CP English 11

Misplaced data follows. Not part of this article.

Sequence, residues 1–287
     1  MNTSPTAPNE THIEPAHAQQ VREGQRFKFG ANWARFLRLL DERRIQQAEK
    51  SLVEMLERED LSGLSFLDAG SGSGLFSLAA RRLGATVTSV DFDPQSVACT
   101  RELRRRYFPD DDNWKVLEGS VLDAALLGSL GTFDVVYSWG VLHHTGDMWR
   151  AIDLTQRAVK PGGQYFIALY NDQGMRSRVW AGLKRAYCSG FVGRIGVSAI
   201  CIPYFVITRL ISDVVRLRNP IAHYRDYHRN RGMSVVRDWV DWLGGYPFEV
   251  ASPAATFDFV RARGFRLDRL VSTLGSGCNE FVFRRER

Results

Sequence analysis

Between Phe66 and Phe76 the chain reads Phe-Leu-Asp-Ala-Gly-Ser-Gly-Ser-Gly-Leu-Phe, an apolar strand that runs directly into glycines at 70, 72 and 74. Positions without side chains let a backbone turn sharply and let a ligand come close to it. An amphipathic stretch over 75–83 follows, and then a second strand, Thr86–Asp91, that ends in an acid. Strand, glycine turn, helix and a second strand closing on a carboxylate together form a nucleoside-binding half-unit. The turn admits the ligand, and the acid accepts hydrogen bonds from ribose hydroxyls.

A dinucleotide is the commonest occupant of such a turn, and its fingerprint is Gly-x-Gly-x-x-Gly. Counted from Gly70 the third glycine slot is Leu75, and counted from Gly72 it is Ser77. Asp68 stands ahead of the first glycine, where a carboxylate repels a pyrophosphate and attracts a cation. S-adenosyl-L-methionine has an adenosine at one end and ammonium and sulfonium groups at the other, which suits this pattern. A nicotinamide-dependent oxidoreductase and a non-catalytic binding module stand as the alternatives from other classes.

Does weather affect the mood of situations? In the novel “The Great Gatsby,” by F. Scott Fitzgerald, there are moments where atmospheric conditions set a mood of follows the emotions and action of the novel. This technique is also used quite a bit in many other novels, and even in movies. Weather, although it has almost subliminal results, tend to enhance the feeling evoked by the story in the movie or novel. This technique was used a lot by William Shakespeare, as well as many other well-known authors throughout the whole world. Weather is symbolic in this great novel as shown thanks to the wind, the seasons, and the hot, humid, sunny days. Heat, in many situations, typically symbolizes the rising conflict of the story. In this particular instance, the unbearable heat rises as the tension between the characters rises. When it is hot, issues tend to rise too. Fitzgerald uses the weather to set the emotional tone of the novel and as a metaphor. In The Great Gatsby, when the climactic confrontation between Tom and Gatsby occurs on the hottest day of the year, weather is used to set the emotional tone for this particular time. The conflict is perpetuated by the heat which symbolizes the confusion and tension of that time. Summer, which is the season this novel is set in, tends to bring very hot days, at least in the northern hemisphere. The temperature of the environment is created so that every time there is a “heated” situation or argument, the temperature skyrockets; creating an extremely hot and humid day. Typically, temper begins to rise and people become more nervous and tense when it is unbearably hot. This is shown in a lot throughout the book as one of the many quotes, towards the end of the book, explicates how “The next day was broiling, almost the last, certainly the warmest, of the summer” (Fitzgerald 121). This sentence is extracted from the chapter where Gatsby and Daisy reveal to Tom just how in love they...
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